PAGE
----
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Times of India
Synopsis: A revenge saga that spans three eras where the victim finally avenges his murder in his third birth.
Review: Urumeen has a dash of everything- patriotism, revenge, violence, romance, fantasy and plenty of blood bath. The narration begins in the 17th century backdrop, for which debutante director Sakthivel Perumalsamy has delved into motion capture technology, Kochadaiyaan style. Some of the important leads to the plot are in this part and it would get difficult to understand the story if this portion is missed.
The story then unfolds in 2015. Selva (Simhaa) is a BE graduate, who comes to Chennai from his hometown Madurai looking for a job. All is well until he gets hold of a mystical book. He starts getting mysterious calls after 12 pm giving him premonitions of the events to come, albeit in the form of numbers. (which are explained when the events occur) He soon finds a job in a call center where he meets his college crush (Umayaal) Reshmi Menon and romance blossoms.
In the meantime, John Cristopher (Kalaiyarasan) a tea seller-turned-finance mafia don has been on a murder rampage along with his brother Solomon (Mahesh) and a few sidekicks. Umayaal approaches their company to sort out a financial dealing and Solomon begins troubling her. When Umayaal complains about the same to Selva, he decides to teach him a lesson. Just when he is about to get to Solomon, he is set on fire by a gang.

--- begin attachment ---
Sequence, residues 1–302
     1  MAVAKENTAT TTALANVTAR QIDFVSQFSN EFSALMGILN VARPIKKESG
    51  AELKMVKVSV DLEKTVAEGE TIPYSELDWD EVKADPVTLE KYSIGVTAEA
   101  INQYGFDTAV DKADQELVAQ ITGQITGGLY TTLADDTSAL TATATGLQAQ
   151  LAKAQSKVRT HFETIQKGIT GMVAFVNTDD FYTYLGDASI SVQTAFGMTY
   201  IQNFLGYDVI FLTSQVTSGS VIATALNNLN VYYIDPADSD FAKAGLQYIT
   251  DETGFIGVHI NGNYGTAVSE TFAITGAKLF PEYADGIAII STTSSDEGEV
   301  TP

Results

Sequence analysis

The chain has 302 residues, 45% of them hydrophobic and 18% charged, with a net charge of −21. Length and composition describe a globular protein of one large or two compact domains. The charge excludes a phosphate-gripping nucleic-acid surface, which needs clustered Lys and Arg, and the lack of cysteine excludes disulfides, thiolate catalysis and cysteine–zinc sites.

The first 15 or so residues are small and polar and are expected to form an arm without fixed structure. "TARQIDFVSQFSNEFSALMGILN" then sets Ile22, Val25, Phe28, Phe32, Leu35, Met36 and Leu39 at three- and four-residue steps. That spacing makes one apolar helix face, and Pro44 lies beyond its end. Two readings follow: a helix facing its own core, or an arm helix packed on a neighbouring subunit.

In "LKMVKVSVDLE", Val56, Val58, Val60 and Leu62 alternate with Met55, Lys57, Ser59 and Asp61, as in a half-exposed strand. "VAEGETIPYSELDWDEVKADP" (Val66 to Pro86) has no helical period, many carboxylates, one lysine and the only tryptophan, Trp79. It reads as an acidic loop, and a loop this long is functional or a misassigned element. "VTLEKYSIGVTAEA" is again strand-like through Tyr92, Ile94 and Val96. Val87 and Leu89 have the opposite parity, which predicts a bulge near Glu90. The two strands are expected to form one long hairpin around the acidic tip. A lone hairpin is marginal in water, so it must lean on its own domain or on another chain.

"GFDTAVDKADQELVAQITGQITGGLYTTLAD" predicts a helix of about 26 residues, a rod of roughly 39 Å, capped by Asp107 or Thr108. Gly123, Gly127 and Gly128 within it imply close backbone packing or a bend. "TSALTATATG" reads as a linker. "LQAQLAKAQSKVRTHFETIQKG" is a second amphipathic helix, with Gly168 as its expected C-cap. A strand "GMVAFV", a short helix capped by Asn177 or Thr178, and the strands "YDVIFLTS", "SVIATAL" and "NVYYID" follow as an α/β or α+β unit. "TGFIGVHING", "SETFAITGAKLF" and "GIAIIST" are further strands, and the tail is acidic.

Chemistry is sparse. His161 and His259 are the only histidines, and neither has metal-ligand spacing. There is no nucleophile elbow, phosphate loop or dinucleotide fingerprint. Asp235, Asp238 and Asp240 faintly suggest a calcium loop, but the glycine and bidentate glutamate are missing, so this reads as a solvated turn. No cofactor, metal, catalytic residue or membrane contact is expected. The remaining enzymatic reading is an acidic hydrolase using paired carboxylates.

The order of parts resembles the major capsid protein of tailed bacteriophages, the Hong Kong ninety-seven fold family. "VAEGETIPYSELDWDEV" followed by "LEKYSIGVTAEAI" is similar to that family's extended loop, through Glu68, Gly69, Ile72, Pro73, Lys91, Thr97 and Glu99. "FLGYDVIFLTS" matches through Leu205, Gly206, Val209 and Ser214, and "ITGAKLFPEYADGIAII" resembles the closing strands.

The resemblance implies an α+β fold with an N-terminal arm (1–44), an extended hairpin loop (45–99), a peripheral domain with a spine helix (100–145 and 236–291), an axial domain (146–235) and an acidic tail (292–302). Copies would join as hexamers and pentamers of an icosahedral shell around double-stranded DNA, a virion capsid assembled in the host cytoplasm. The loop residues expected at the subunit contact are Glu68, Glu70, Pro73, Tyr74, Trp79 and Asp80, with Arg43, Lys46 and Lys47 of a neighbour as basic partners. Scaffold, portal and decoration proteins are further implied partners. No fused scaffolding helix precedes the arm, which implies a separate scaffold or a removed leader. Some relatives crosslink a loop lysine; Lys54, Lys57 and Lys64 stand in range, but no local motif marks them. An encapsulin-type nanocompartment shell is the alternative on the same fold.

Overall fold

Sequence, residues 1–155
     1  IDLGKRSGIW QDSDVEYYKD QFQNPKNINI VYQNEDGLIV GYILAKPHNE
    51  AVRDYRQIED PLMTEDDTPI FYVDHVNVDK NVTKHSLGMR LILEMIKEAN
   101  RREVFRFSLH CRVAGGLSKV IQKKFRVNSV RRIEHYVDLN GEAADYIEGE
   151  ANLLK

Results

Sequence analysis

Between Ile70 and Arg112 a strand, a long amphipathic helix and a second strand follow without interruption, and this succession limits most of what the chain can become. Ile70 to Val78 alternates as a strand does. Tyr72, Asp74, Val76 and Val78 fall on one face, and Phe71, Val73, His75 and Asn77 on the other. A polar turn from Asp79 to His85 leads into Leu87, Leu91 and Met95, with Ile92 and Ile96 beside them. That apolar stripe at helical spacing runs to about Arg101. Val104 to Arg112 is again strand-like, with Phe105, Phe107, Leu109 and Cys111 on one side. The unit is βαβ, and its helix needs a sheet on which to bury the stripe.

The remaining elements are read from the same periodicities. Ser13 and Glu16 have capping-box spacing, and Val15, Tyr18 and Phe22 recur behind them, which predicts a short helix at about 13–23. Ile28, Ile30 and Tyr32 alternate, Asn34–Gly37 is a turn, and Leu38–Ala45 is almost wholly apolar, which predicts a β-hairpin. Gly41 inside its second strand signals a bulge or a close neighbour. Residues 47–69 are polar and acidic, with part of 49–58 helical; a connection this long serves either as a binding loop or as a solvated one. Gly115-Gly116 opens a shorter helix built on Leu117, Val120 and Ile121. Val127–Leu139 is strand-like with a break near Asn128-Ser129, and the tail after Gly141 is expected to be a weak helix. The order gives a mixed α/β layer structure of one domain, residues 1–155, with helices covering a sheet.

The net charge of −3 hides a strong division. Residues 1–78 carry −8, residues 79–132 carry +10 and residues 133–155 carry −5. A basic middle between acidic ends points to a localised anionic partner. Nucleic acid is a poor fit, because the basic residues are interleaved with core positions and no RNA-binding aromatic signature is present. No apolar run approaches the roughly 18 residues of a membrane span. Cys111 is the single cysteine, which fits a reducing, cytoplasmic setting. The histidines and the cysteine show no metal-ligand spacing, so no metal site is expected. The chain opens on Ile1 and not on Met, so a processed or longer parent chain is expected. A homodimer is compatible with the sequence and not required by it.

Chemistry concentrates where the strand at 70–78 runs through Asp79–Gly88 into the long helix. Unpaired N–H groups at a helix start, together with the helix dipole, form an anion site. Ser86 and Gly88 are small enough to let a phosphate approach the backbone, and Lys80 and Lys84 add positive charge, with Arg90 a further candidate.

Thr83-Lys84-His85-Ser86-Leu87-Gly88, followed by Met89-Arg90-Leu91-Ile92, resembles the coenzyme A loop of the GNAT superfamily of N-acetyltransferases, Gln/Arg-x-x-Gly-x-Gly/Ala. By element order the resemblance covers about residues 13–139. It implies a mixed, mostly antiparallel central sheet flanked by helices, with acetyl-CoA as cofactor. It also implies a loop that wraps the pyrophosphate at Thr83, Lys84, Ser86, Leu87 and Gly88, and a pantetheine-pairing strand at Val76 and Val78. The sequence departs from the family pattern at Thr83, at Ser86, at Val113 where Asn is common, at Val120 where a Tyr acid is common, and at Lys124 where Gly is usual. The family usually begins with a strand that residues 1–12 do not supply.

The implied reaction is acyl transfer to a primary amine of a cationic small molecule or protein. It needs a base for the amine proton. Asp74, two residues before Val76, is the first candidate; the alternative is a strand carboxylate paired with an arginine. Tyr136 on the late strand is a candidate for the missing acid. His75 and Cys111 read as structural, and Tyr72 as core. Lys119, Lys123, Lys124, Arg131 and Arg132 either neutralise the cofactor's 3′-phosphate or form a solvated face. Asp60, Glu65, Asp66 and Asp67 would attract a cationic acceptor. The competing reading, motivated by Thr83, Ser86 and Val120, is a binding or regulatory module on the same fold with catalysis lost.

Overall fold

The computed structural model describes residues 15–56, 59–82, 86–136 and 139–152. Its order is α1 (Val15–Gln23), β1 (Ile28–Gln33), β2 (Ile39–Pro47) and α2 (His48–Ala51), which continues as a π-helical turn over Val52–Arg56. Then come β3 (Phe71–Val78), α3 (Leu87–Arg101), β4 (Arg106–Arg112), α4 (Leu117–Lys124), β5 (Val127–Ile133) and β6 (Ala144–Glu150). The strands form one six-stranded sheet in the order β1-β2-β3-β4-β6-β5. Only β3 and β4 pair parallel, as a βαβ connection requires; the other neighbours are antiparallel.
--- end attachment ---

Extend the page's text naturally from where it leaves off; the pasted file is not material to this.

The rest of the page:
Unable to comprehend what's happening around him, he approaches Charlie (a psychiatrist of sorts) and asks if the book would have any relevance to what's happening around him. When Solomon's murderer reveals the reason of killing to Selva, he gets into revenge mode.
The story again goes into a flashback mode and this time around, the plot is set in 1939 in a tea estate where a patriotic rebel Chezhian (Bobby) and Krishnan (Kalaiyarasan) are good friends. When Krishnan is promised a tea estate in Kozhikode in exchange of his friend Chezian, he helps the British trap him. And we again travel back to the current era for the final revenge.
The problem with Urumeen is that the director has tried to infuse too many elements into one film. While two flashbacks are already a lot to take in, the second story takes its own sweet time to unfold. After a long-ish fight sequence, we realize that we are still left with the final revenge in the current era. And considering how ruthless John is portrayed in the film, it's disheartening to see him go down without a fight toward the end. Though the plot is an interesting one, the narration falters as vital links to the reincarnations haven't been explained well and leaves you confused.
Bobby Simhaa pulls off his role as a confused individual well, but it's hard to see him as a hero (playing for the first time) looking for a cold-blooded revenge. Kalaiyarasan, has done justice to his character as a villain we would love to hate. Reshmi Menon has nothing much to do in the plot overloaded with violence and bloodbath. However, kudos to Sakthivel Perumalsamy for approaching a complex story in his maiden venture.